As Trump prepares to announce his selection for the Supreme Court on Monday, July 7, right-wing and conservative media will only offer more of these excuses to downplay that Roe v. Wade is firmly in the crosshairs.

  • Media have found their latest Trump pivot: General Kelly

    ››› ››› MADELINE PELTZ & SANAM MALIK

    Media figures promoted the idea that President Donald Trump’s administration is heading towards a reset, this time following the firing of White House communications director Anthony Scaramucci along with the swearing in of former Marine General John F. Kelly as the new White House chief of staff. Kelly’s move to chief of staff is just the latest example of the media’s obsession with the fantasy of a Trump “reset” that will never happen.

  • Sinclair’s Boris Epshteyn celebrates Anthony Scaramucci’s “new approach” and “fresh perspective” for Trump’s White House

    Scaramucci, one day earlier: “I’m not Steve Bannon, I’m not trying to suck my own cock”

    Blog ››› ››› PAM VOGEL

    Update: Just days after Sinclair Broadcast Group's chief political analyst Boris Epshteyn released a commentary segment lauding Anthony Scaramucci's new approach as White House communications director, The New York Times reported that President Donald Trump had removed Scaramucci from the role. 


    Former Trump aide Boris Epshteyn’s latest “must-run” commentary segment for Sinclair Broadcast Group proves that President Donald Trump’s clumsy damage control will be televised on local TV news stations nationwide -- whether viewers like it or not.

    On July 27, The New Yorker’s Ryan Lizza published a profanity-laced, on-the-record interview with Anthony Scaramucci, the new White House communications director, in which the latter savaged his new White House colleagues. The following day, without mentioning the firestorm Scaramucci’s viral interview had caused, Epshteyn posted a new video commentary celebrating Scaramucci’s “fresh perspective” and pushing generic propagandistic talking points about the predicted success of the new White House communications strategy.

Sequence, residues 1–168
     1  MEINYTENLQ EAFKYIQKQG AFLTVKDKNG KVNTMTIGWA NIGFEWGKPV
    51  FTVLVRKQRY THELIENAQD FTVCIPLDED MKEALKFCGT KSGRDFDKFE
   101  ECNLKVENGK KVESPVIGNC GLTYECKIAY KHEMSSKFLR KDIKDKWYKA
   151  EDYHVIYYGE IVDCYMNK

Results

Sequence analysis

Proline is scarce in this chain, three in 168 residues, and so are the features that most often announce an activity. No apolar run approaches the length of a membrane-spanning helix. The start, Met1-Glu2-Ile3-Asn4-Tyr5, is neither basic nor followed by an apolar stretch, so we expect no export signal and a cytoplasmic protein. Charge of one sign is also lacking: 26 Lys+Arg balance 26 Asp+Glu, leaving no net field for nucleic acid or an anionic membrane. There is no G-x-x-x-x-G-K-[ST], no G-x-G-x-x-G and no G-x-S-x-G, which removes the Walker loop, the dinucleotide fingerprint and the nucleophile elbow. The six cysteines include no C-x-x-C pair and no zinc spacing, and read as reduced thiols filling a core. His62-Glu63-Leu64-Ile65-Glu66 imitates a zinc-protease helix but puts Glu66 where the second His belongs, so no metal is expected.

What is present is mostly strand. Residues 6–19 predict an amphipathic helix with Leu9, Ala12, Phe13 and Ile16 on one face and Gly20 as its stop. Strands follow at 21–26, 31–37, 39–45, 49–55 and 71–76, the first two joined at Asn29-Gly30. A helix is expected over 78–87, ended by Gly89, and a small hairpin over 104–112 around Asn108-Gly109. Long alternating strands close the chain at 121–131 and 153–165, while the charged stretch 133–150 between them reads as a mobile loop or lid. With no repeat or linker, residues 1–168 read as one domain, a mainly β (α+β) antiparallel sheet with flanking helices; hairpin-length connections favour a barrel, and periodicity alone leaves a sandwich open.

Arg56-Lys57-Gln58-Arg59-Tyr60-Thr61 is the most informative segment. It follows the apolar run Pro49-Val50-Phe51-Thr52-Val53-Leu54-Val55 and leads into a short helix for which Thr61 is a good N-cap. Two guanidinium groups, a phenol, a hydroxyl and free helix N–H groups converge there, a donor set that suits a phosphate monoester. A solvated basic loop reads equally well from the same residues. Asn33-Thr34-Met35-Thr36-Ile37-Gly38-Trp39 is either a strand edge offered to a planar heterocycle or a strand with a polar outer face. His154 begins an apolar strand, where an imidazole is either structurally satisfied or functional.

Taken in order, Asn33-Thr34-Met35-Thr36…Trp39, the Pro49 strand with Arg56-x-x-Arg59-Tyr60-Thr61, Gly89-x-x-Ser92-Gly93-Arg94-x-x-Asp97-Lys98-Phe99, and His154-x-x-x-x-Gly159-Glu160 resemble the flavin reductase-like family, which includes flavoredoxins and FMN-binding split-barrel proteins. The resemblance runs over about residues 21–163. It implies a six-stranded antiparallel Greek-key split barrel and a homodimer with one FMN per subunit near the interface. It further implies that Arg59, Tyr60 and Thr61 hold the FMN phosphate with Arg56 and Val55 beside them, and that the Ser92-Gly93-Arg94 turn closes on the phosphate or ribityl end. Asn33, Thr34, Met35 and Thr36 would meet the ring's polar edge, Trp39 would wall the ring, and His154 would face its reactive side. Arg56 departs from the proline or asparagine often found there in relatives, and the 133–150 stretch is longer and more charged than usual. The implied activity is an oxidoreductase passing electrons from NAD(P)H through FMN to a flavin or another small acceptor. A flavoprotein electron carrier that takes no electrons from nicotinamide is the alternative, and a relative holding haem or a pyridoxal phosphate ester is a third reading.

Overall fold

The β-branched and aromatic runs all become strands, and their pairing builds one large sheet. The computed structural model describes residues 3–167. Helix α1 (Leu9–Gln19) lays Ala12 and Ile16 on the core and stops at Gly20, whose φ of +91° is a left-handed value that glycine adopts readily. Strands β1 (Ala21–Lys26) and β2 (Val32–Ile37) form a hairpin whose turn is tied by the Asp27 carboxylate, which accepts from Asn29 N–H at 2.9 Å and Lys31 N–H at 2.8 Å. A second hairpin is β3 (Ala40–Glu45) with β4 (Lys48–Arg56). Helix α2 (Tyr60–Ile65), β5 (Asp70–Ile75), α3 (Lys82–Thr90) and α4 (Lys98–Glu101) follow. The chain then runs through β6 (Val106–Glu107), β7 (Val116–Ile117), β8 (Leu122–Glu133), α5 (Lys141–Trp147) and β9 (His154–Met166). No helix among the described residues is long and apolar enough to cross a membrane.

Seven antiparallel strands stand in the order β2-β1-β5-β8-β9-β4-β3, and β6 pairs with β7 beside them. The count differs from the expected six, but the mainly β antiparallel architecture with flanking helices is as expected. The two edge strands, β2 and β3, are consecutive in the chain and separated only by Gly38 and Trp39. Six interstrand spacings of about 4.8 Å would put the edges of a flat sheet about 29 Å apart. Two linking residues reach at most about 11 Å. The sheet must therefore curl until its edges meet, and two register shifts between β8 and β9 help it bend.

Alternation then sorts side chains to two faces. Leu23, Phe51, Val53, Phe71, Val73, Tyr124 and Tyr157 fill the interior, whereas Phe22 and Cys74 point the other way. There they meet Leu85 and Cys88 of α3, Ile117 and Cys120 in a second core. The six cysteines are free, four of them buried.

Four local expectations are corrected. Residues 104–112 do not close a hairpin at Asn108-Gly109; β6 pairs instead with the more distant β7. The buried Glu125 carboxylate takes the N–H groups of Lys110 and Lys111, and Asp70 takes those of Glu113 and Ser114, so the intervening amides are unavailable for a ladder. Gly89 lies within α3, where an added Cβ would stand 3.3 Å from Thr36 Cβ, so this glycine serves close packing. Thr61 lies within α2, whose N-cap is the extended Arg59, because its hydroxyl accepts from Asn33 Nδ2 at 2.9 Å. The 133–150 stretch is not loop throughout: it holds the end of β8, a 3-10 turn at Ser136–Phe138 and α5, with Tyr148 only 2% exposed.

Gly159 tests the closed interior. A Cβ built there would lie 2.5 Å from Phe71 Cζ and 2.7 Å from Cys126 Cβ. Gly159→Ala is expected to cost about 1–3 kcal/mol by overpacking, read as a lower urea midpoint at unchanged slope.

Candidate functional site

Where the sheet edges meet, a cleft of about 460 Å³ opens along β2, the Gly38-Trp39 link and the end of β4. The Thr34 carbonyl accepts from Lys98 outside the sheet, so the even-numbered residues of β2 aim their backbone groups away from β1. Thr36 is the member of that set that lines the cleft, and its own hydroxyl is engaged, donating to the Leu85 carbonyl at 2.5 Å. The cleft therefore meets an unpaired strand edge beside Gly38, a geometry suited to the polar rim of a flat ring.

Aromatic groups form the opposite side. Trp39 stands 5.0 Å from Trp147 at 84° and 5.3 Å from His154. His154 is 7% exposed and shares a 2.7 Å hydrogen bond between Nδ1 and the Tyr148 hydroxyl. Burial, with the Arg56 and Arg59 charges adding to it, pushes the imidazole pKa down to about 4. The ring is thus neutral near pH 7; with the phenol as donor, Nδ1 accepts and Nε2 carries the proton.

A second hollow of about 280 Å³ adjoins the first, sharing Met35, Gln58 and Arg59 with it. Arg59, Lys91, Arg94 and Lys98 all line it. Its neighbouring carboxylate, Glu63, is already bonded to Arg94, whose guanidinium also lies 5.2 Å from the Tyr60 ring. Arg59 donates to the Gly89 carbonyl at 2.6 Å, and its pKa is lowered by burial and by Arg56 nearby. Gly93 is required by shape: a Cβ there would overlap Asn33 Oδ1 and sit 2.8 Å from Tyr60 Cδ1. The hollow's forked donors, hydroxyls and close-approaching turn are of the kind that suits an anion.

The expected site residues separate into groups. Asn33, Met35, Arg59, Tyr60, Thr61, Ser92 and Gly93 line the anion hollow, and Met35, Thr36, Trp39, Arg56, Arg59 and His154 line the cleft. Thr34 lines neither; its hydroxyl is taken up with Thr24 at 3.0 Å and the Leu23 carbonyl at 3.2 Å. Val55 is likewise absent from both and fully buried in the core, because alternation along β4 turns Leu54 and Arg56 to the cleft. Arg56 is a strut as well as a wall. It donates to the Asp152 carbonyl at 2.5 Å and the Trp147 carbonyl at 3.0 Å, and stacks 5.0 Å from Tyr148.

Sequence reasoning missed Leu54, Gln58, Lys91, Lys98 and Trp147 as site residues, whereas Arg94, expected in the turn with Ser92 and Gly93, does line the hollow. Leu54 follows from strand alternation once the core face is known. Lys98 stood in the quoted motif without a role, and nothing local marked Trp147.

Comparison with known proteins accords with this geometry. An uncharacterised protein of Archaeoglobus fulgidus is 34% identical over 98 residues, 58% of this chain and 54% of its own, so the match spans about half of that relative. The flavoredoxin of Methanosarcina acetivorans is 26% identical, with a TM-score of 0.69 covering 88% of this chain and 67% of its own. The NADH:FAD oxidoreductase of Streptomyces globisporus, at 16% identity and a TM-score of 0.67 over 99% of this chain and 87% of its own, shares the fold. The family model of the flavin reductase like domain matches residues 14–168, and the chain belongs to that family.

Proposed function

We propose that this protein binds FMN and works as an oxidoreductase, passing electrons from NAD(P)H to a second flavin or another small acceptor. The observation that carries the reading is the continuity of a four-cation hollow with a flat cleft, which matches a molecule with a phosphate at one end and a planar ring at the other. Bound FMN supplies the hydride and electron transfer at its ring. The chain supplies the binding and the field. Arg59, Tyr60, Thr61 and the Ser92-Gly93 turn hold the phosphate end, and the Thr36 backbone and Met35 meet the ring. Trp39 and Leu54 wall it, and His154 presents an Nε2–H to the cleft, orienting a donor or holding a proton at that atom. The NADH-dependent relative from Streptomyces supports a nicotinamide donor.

Here is the entire transcript of the 86-second clip, via Sinclair-owned Washington, D.C. station WJLA:

    Changes are afoot in the White House communications department.

    It may be hard to keep track of who’s in, who’s out – and more importantly, what this means for the American people.

    Let’s break it down.

    The president wanted to bring in a fresh perspective to help manage and communicate the White House's message.

    The reins over communications are now totally in the hands of Anthony Scaramucci, the new communications director. He is going to report directly to the president. Sarah Huckabee Sanders has been promoted to press secretary after having been the principal deputy.

    I know Anthony personally; he is a good friend. He is unquestionably passionate and direct -- that’s been pretty obvious. He also has a high level of respect for media, having been a part of it himself.

    The reason his appointment matters is that there is going to be a new approach to dealing with the media from the White House.

    Anthony has already made two key promises:

    First, cameras are on for the daily press briefing. Get ready to see more of those pointed exchanges between the White House and the press.

    Second, the White House comms shop will enable the president to speak directly to you, through all mediums, even more than in the past. This will allow for the president’s words to cut through any spin or interpretation and go right to the people.

    The bottom line is this: There is not always agreement between the White House and those covering them; that is impossible. What these changes do signal, however, is there will now be a better working relationship between the White House and the press. This will hopefully result in us getting more thorough, and real, information on the issues that actually matter to our daily lives – such as jobs, health care and taxes.

    If you can’t choose just one sentence from this blatant pro-Trump propaganda to label as the worst, don’t worry -- the actual worst part about any of Epshteyn’s videos is what’s happening off-camera.

    Sinclair’s openly pro-Trump corporate offices mandate that every “Bottom Line with Boris” segment run on all of its 173 television news stations in 33 states and the District of Columbia. Anchors at individual local news stations owned by Sinclair are seemingly not required to introduce the segments in any particular way before running them -- employees at at least one station have said they try to run the segments along with commercials “so they blend in with paid spots.” This means that, unlike the online transcript at WJLA’s website, the segments themselves have no built-in disclosure that Epshteyn was until recently employed by the same White House he now regularly lavishes with on-air praise.

    Epshteyn has been producing 60- to 90-second commentary segments several times a week since he joined Sinclair as its chief political analyst in April. Earlier in July, Sinclair announced it would be upping Epshteyn’s segments from airing three times per week to nine times per week.